Cross-Disorder Investigation of Environmental Associations with Autism Spectrum Disorder and Attention Deficit Hyperactivity Disorder

Poster Presentation
Thursday, May 2, 2019: 11:30 AM-1:30 PM
Room: 710 (Palais des congres de Montreal)
A. Kalkbrenner1, C. Zheng2, T. E. Jenson2, J. Yu2, C. Ladd-Acosta3, C. B. Pedersen4, S. Daalsgard5, P. Mortensen6 and D. Schendel4, (1)University of Wisconsin-Milwaukee, Milwaukee, WI, (2)Zilber School of Public Health, University of Wisconsin-Milwaukee, Milwaukee, WI, (3)Wendy Klag Center for Autism and Developmental Disabilities, Johns Hopkins Bloomberg School of Public Health, Baltimore, MD, (4)Aarhus University, Aarhus, Denmark, (5)National Centre for Register-based Research, Aarhus University, Aarhus, Denmark, (6)National Centre for Register-based Research, Aarhus University, Denmark, 8210 Aarhus V, Denmark
Background: Neurodevelopmental disorders like autism spectrum disorder (ASD) and attention deficit hyperactivity disorder (ADHD) are phenotypically heterogenous and potentially encompass etiologically distinct subgroups. The identification of modifiable risk factors for neurodevelopmental impairments may be enhanced by systematic, quantitative comparison of risk factor associations across phenotypic subgroups.

Objectives: As proof of principle, we made quantitative comparisons of the strength of associations between urbanicity at birth and maternal smoking during pregnancy with three neurodevelopmental phenotypic subgroups defined by diagnoses of ASD and ADHD.

Methods: From iPSYCH, a Danish population-based case cohort study (singleton births 1981- 2005, known mother, residing in Denmark at 1st birthday; random 2% sample as controls), we further restricted to births January 1991 - December 1999, with complete follow up and no emigration or death until the 13th birthday. Cases had an ICD-10 ASD (F84.0,1,5,8,9) and/or ADHD (F90.0) diagnosis reported to the Danish Psychiatric Central Research Registry prior to the 13th birthday and controls comprised iPSYCH controls with cases removed. We estimated adjusted odds ratios (adjOR) and 95% confidence intervals using logistic regression for: ASD/- ADHD (n=3,905), ADHD/-ASD (n=3,556), and ASD+ADHD (n= 891) comparing the most urban birth residence (capital region – Copenhagen, 13% of controls) to regions with 50% or less urban area (22% of controls) and also evaluated maternal smoking (28% of controls) versus no smoking. We adjusted for birth year, maternal smoking (urbanicity analyses only), inter-pregnancy interval, urbanicity (smoking analyses only), marital status, maternal and paternal immigrant status, education, employment, ages, and incomes. To compare the strength of association across the 3 subgroups while accounting for non-independence of these ORs, we used a Bayesian multiplier bootstrap method to estimate the variance-covariance matrix for log ORs. We computed Wald-type p value tests of the equivalency of pairs of adjORs, using a conservative alpha = 0.005 given multiple comparisons and preference for stringency in concluding different risk between phenotypic groups..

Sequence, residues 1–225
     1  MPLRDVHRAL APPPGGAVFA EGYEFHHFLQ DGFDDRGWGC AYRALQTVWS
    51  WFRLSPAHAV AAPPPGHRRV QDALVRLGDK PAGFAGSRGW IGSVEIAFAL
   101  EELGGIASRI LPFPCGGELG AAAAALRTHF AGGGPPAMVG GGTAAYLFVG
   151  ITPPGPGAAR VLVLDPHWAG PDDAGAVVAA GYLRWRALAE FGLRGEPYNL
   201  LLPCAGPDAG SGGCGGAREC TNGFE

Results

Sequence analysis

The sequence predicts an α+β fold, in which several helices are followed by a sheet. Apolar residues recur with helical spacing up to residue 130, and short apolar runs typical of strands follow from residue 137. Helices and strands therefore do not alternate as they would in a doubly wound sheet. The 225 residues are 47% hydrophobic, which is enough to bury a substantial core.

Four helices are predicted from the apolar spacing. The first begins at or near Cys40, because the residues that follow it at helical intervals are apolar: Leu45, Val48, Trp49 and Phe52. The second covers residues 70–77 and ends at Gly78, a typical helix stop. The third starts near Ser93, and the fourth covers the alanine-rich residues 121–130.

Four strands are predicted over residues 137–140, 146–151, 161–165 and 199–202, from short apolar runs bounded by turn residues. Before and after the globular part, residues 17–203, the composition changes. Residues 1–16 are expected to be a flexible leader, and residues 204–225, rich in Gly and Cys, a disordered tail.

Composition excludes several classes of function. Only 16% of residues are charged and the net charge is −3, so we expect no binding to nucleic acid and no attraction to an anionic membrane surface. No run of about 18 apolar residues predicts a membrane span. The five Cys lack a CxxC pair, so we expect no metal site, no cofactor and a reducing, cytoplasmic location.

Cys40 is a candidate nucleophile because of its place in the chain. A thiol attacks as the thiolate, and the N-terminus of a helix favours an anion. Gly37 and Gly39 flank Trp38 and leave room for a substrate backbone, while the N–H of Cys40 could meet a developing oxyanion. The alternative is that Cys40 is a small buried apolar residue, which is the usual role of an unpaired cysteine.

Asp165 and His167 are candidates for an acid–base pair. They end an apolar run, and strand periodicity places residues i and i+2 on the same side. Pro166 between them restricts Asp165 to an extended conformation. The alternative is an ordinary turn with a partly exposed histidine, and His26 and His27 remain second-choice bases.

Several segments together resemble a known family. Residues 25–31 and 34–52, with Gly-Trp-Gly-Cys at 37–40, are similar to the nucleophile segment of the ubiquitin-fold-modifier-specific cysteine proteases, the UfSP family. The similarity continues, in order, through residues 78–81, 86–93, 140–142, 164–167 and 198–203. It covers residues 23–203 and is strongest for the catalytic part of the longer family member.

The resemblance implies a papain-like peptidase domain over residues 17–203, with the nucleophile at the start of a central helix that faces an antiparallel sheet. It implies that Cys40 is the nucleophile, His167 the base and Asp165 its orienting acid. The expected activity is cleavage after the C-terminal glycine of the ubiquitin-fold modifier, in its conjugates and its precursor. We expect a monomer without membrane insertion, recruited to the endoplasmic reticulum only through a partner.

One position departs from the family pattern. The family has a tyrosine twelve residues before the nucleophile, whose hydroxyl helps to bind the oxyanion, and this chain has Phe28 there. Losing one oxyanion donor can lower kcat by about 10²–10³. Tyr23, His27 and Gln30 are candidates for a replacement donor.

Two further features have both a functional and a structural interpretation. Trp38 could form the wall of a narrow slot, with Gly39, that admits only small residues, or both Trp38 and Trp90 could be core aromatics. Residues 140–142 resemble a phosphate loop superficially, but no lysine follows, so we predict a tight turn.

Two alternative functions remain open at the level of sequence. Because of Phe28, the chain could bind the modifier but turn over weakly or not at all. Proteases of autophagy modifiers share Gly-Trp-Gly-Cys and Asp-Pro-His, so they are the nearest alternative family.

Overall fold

Results: Urbanicity was associated with subgroups including autism: ASD/-ADHD adjOR 1.7 (1.4, 1.9) and ASD+ADHD adjOR 2.3 (1.7, 3.1) and these associations were statistically of similar strength (p = 0.045). In contrast, urbanicity was not associated with ADHD alone: ADHD/-ASD adjOR 1.0 (0.8, 1.2), an association statistically distinct from the other subgroups (both p = 0.000). Maternal smoking in pregnancy was associated with ADHD alone: ADHD/- ASD: adjOR 1.5 (1.3, 1.6) but not autism alone: ASD/- ADHD adjOR 1.0 (0.9, 1.1), with a p contrasting these ORs = 0.000. The association of maternal smoking and ASD+ADHD: adjOR 1.2 (1.0, 1.5) was not statistically distinguishable from associations with the single diagnosis groups: ASD/-ADHD (p = 0.018) or ADHD/-ASD (p = 0.073).

Conclusions: Risk from urban residence at birth and maternal smoking in pregnancy differed significantly across ASD and ADHD neurodevelopmental phenotypic subgroups, thereby highlighting at-risk cross-diagnosis subgroups as potential targets for further analyses of pathogenic mechanisms associated with these modifiable risk factors. Our approach supports attempts to align phenotypic and etiologic heterogeneity to clarify the risk architecture underlying neurodevelopmental impairments.